Frequently Asked Questions (FAQ)

What are my stamps worth?

To be brutally honest, your collection is probably not worth very much. High valuations are driven by relative scarcity and sometimes, collector interest in the topic. For instance, although the $11.75 Express Mail stamps (such as the one showing the Space Shuttle lifting off) issued by the United States are printed by the millions and used in large quantities every day, used copies are relatively scarce and often command purchase prices of several dollars. The reason for this value is that decent used copies are hard to come by because standard Express Mail envelopes and boxes are designed such that the "pull to open" strip tears through stamps placed in the indicated box upon opening. the fact that most Express Mail is commercial in nature futher assures that few good used copies survive; Express Mail pouches regularly are tossed in the trash by clerks and secretaries.

Conversely, the commemorative stamps heavily promoted now by the U.S. Postal Service as collectibles will most likely never be worth more than face value, as is the case with virtually all U.S. issues since the 1930's. The U.S. prints commemoratives in large quantities (40-100 million) and aggressively promotes the purchase of these as "collector stamps", to be retained in hopes of an appreciation in value. As a result, there are huge amounts of this material available around in unused condition. There are a few exceptions, especially in the case of mint sheets of commemoratives which sold poorly because of an unattractive design or an unpopular topic, i.e. alcoholism, drug abuse, etc. In general unsold commemorative stamps are destroyed by the Postal Service after a period of several years, thereby limiting the availability of those issues which did not sell well.

It is not uncommon to attend a local stamp show and see dealers offering intact sheets of fifty U.S. 3-, 4-, and 5-cent commemorative stamps from the 1950s and 1960's at 85-90% of face value. The same dealers purchase huge quantities of this material at 65-75% of face value from individuals and retired dealers who had stockpiled the stamps in hopes of financial gain. Only people interested in buying this old postage are collectors who do not mind having to stick fourteen 3-cent stamps on an envelope to make up the present 41-cent rate for letters.

Age alone does not guarantee value, either. Many 19th Century issues were printed in large quantities, especially in industrial nations such as Great Britain and the United States. As a result, large numbers survive in used condition, and somewhat smaller numbers in mint condition. As with more modern issues, the actual number surviving is the real key to value.


How do I sell this collection?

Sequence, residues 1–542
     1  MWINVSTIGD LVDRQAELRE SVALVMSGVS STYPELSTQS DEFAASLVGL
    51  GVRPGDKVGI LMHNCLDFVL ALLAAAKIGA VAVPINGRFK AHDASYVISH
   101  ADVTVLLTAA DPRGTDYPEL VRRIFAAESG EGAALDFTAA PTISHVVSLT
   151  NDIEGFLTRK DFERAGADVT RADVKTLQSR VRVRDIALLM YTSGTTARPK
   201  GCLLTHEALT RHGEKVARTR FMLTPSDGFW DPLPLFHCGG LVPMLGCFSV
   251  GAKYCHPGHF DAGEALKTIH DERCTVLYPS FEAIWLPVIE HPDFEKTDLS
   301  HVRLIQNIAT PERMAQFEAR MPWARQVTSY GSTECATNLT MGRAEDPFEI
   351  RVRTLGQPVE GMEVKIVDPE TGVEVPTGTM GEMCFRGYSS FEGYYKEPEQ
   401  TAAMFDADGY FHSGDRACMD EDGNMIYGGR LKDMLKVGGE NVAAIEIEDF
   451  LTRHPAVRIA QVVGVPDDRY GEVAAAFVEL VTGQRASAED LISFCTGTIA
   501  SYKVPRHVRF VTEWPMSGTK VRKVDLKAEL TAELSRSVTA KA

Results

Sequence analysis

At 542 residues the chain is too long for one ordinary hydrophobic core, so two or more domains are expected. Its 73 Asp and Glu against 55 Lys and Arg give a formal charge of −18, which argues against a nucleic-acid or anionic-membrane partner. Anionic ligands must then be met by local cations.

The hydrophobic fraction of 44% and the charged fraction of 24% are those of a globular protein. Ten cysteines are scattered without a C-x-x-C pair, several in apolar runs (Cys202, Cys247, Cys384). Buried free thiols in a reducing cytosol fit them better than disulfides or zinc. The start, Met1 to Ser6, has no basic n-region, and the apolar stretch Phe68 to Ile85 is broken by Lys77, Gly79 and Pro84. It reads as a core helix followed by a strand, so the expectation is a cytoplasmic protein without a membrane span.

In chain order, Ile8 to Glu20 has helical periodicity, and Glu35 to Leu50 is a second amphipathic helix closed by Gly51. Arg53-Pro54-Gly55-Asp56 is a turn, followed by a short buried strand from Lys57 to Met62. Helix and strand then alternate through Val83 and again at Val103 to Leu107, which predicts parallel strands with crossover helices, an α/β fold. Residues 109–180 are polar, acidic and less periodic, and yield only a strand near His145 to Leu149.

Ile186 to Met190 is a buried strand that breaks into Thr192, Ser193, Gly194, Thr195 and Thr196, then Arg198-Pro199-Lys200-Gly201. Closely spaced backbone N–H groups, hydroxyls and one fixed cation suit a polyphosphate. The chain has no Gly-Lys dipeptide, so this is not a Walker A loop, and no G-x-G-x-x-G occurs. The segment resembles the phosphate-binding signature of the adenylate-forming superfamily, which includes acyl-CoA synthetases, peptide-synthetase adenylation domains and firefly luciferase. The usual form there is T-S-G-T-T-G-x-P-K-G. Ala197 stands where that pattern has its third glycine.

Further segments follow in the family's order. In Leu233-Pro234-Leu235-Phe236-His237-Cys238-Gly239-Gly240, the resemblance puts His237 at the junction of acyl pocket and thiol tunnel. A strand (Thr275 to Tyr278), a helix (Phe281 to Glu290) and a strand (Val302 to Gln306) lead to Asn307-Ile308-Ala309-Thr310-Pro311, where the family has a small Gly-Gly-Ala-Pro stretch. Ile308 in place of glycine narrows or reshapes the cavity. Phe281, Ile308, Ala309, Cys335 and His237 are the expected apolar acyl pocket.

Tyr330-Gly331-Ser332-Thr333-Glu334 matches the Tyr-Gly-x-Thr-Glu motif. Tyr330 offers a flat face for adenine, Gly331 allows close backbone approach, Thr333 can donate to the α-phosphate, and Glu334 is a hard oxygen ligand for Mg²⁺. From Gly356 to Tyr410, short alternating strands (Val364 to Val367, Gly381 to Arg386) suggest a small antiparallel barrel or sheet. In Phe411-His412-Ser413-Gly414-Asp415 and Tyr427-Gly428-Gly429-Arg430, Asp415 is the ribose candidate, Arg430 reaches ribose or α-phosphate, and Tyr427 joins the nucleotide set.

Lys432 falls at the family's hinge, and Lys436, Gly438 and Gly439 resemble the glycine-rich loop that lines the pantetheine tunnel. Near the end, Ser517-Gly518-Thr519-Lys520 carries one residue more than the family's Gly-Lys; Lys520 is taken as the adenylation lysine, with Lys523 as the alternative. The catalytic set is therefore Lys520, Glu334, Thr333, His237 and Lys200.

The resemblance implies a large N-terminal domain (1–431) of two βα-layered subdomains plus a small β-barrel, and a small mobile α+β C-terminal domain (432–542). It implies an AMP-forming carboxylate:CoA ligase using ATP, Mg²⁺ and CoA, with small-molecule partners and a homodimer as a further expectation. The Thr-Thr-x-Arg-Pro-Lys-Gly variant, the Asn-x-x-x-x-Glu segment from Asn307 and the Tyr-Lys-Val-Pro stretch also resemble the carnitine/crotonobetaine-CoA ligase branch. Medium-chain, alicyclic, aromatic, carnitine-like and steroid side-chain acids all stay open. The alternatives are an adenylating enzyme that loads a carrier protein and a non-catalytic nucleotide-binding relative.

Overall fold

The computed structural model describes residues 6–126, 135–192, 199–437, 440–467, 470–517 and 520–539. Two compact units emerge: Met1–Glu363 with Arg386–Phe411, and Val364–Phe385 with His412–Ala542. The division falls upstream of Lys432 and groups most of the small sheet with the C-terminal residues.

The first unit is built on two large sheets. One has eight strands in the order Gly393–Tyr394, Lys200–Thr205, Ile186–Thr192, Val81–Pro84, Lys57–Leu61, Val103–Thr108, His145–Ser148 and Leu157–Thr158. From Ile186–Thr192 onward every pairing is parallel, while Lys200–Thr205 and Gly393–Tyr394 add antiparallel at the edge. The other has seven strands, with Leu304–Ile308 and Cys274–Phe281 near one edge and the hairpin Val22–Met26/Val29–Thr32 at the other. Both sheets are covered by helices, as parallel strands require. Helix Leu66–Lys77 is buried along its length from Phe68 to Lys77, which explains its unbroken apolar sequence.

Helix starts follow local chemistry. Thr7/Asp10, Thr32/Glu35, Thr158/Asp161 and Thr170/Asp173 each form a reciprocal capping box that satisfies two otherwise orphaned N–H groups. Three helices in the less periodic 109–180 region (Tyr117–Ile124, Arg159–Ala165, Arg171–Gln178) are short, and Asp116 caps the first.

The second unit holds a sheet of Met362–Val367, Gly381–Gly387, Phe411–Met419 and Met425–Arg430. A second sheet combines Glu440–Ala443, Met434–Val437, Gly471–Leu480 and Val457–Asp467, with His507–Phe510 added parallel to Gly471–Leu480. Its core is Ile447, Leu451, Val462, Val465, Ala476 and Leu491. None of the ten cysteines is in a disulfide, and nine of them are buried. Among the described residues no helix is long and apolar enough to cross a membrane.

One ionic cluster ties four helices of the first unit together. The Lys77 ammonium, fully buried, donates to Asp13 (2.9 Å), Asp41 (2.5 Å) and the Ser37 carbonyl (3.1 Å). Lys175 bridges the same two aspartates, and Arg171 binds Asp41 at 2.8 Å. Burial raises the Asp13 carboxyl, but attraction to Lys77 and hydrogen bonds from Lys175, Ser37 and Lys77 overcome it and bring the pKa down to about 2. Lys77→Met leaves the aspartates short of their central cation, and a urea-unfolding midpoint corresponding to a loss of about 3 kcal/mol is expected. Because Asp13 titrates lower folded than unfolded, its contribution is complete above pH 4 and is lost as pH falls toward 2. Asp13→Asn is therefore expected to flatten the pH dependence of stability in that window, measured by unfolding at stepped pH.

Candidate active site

There are a number of ways to dispose of a stamp collection. The best approach depends upon the size and value of the collection. In order to get a rough idea of the value of your collection, try this technique: Examine 100 of the stamps in your collection at random and jot down their value as stated in the Scott Catalogue. If the majority of these values do not exceed the minimum valuation of 20 cents, count the total number of stamps in the collection and multiply by 5 cents. The result is a reasonable estimate of what a collection of mostly common stamps will be worth to another collector. If a substantial portion of the stamps you examined are valued in excess of the catalogue minimum, it may be worth conducting an inventory of the whole collection, then taking 25 to 40 percent of the total Scott value as your asking price. Just keep in mind that no educated collector will pay more than 3- to 5-cents each for common stamps, those with the minimum valuation. If it turns out that your collection is worth no more than several hundred dollars, which is generally the case, you should consider contacting your local stamp club. There are many such clubs throughout the country which hold regular meetings at which the members trade or buy and sell amongst themselves. Many also hold auctions of material, with non-members welcomed to sell their collections. This will probably give you the highest price realized for your collection. If you are Internet-active, please check out the various auction sites and consider selling your collection in this manner. eBay (www.ebay.com) is by far the largest auction site of any kind in the world, especially for the stamp hobby. Such auction sites afford the opportunity to advertise a stamp collection to a worldwide audience at minimal expense. You could also look in the Yellow Pages under "Stamps, for Collectors" to find local dealers. Most dealers will be willing to take a look at a collection and make an offer for purchase. Do not expect the dealer to do a stamp-by-stamp inventory of your collection; the dealer's time would cost far more than the value of the common stamps that comprise the bulk of most collections. Also keep in mind that the dealer can only pay you perhaps 50 percent of what he hopes to retail the material for, since he has to make some profit. Selling stamps to collectors is not a high profit business! Finally, for more valuable single items or collections, you should contact one of the philatelic (stamp collecting) auction houses. These auctions take your material on consignment and list it in their periodic auction catalogs. Bids are accepted by mail, FAX, and e-mail; if your material sells, the auction house gets a fixed percentage as a commission. I also recommend that you visit the website of the American Philatelic Society (www.stamps.org) and request their brochure on how to dispose of a stamp collection. The APS is the largest and oldest stamp collecting hobby organization in the United States; most serious collectors and legitimate dealers are members. The APS can direct you to local stamp clubs and dealers.

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